adolescents were 14.29%, Middle adolescent 36.84% and late adolescent 45.95% of female were under nourished (Table 3).
Distributing the hemoglobin status among study population in various stages of adolescence in male, in school going; mild anemia was 25.8%, 32.6% and 15.4%
among early, middle and late adolescence and severe anemia were 46.4%, 17.9%, 5.6% among early, middle and late adolescence. Non-school going mild anemia were seen among 1.7%, 3.1% and 1.4% early, middle and late male adolescence and severe anemia were seen among 1.7%, 8.4% and 1.4% early, middle and late male adolescence (Table 4).
Table 3: Undernourished female.
S N. S. S N. S.
N % 95% C. I N % 95% C. I 10-13 61 7 30 49.18 31.11, 66.89 1 14.29 -
14-16 68 19 14 20.59 -0.34, 42.34 7 36.84 1.23, 72.77 17-19 38 37 7 18.42 -10.46, 46.46 17 45.95 22.31, 69.69
Table 4: Distribution of haemoglobin among study population various stages of adolescence in male.
Age Total no. of
> 12 Grams 7-12 Grams < 7 Grams
S N. S. School going Non-school going School going Non-school going
N % N % N % N %
10-13 112 25 2 29 25.8 2 1.7 52 46.4 2 1.7 14-16 95 35 1 31 32.6 3 3.1 17 17.9 8 8.4 17-19 71 51 3 11 15.4 1 1.4 4 5.6 1 1.4
Table 5: Distribution of hemoglobin among study population various stages of adolescence in female.
Age Total no. of
> 12 Grams 7-12 Grams < 7 Grams
S N. S. School going Non-school going School going Non-school going
N % N % N % N %
10-13 68 34 4 22 32.3 2 2.9 5 7.3 1 1.4 14-16 87 28 10 35 40.2 5 5.7 5 5.7 4 4.6 17-19 75 16 16 15 20.0 18 24 7 9.3 3 4.0
Table 6: Prevalence of stunting.
< 3rd Percentile
% N % N
10 76.9 25 69.80 10
11 33.60 6 63.08 6
12 65.04 25 54.10 12
13 56.60 12 46.94 10
14 63.80 17 59.02 14
15 10.09 3 52.28 16
16 36.50 15 30.69 10
17 31.30 8 30.69 8
18 29.06 6 29.66 9
19 29.0 8 29.0 6
Among female school going adolescence, mild anemia was 32.3%, 40.2% and 20.0% among early, middle and late adolescence and severe anemia were 7.3%, 5.7%, 9.3% among early, middle and late adolescence. Non-school going mild anemia were seen among 2.9%, 5.7%
adolescents to late adolescents in both school going and non-school going.
Among boys, prevalence of stunting declining trend from 76.9% at 10 years of age to 29% at 19 years of age. Among girls, prevalence of stunting declining trend from 69.8% at 10 years of age to 29% at 19 of age. Stunting is more common among boys from 10 years of age to 14 years of age than girls. After 14 years of age stunting is more common in girls than boys. High prevalence of stunting is more common in girls than boys.
High prevalence of stunting in age group 10 in both between male and female and showing decreased trend as age advances probably indicate an element of constitutional delay. The average stunting was 46.18% in male and to 48.1% in females (Table 6).
India is a signatory of millennium development goals (MDG) by 2020. In spite of generous allocation of funds neonatal mortality rate and low birth weight in India are still at a very high level. This puts a question mark over the ability of our country MDG by 2020. It has already been recognized that malnutrition and anemia among the adolescents is the major contributory factor of low bright weight. This study was an attempt to estimate the prevalence of malnutrition and anemia among the adolescents living in rural areas.
Overall prevalence of anemia in this study in school going adolescence was 51.7% among male and 38.6% in females whereas prevalence of anemia non-school going adolescence was 6.1% among male and 14.3% in females. Under nutrition is almost 50% in both sexes. Stunting was 46.18% in males and 48.1% in females. But in the study conducted by Anand et al the prevalence of anaemia 38%, 43.8 % in boys and girls respectively.12
Under nutrition was 43.8%, 30.8% in boys and girls respectively, stunting in their study was 43.8% in boys and 30.1% in girls. This difference could be due to that the study done by them was only in school going adolescents. But we have included non-school going also which were more in numbers as the age advances. In a study done by Rajarathnam et al. shows that the prevalence of anemia among girls was 45% which is equal to our study.13 50 % of rural adolescents’ female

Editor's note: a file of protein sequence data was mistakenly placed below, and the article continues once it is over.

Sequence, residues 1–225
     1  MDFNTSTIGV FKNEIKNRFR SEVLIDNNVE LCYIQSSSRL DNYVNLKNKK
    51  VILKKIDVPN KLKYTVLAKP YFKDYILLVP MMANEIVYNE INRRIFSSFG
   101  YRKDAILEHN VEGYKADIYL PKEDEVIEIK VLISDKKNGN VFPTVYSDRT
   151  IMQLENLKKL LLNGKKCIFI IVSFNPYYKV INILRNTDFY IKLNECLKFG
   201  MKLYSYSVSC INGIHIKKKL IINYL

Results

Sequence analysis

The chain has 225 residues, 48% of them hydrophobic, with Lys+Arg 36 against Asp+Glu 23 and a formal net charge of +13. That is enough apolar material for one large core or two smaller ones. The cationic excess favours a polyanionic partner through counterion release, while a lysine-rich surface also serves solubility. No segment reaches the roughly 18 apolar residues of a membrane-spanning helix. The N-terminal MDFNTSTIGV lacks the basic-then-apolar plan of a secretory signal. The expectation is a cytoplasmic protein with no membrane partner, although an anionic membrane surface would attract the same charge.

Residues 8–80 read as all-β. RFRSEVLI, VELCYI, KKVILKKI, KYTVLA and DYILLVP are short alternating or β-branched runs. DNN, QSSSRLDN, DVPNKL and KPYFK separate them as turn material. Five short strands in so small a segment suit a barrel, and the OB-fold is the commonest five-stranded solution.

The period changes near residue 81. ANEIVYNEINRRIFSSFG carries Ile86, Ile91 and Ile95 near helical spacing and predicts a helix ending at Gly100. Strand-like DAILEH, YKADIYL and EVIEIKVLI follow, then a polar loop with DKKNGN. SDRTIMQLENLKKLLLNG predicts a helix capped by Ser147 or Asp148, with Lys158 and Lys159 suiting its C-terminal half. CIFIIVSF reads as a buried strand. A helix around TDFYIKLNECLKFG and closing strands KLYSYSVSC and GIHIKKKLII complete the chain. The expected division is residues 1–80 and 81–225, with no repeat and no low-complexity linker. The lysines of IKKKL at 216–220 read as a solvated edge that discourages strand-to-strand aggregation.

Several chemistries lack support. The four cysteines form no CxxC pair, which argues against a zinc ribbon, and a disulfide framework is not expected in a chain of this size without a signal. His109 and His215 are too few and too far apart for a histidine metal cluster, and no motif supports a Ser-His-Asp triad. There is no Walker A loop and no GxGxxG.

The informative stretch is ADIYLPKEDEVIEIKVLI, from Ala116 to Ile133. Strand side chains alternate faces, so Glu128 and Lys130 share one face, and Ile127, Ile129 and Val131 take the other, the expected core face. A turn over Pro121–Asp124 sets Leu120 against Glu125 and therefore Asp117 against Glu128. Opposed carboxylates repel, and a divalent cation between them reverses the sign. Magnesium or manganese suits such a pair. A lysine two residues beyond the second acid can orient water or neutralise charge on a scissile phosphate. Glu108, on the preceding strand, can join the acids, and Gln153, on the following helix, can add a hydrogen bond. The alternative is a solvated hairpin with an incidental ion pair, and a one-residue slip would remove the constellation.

were undernourished in our study, which is similar to the study done by Srivastava et al.14
Malnutrion seems to be rampant among adolescents in all the developing countries (Massawe S) and this study also highlights the same.15 This study also confirms that
nutritional status of adolescents continues to be poor in this part of country as in other parts of country (Choudary S et al and Anand et al) and the pattern of under nutrition was not related to literacy.12,16 There was a group in
which literacy seems to have played were bit a tiny role only among girls. This difference may be due to the
increased workload burden on non-school going adolescent girls rather than literacy. This study has shown that shown that under nutrition was more common in boys than girls.
A study by Dr. C. Ravichandran et al in-pre-adolescent age group (unpublished) also established that under nutrition was more in the male.17,10 This difference may
be due to the onset of pubertal growth velocity at a later age in the males when compared to girls.
This study reflects the general pattern of anemia is more among girls than in boys and the general trend of anemia 45 to 55% as per NFHS-II date.11 Though the cause of
anemia not within the purview of this study. It can be safely assumed that majority of them are nutritional and mostly iron deficiency type as derived from other studies (shards Sidhul et al Jolly Rajarathnam et al and Sabita Basu et al).13,18,19
The significant number of anemic is in the middle adolescent age group, could be explained by the fact that menarche is attained around 12 years and the first few cycles are irregular with increased blood loss. So, any policy towards low birth weight and neonatal mortality needs the policy makers to make a note of this alarming trend of anemia among adolescent girls. It is disheartening to note that even adolescent boys are anemic. In rural areas, adolescent pregnancy is more common due to early marriage in adolescent girls. Hence the interventions have to be done against anemia and under nutrition among the adolescent girls. Thereby preventing low birth weight and neonatal mortality.
Under nutrition was found to be a significant problem in both sexes of rural adolescents. Late adolescents were more undernourished in both sexes. Under nutrition was more common in boys than in girls. Anemia was more common in female than in male in both school going and school going. Anemia was more common in non-school going than in non-school going in both sexes. Severe anemia was more common in female of non-school going group.
Funding: No funding sources Conflict of interest: None declared
Ethical approval: The study was approved by the Institutional Ethics Committee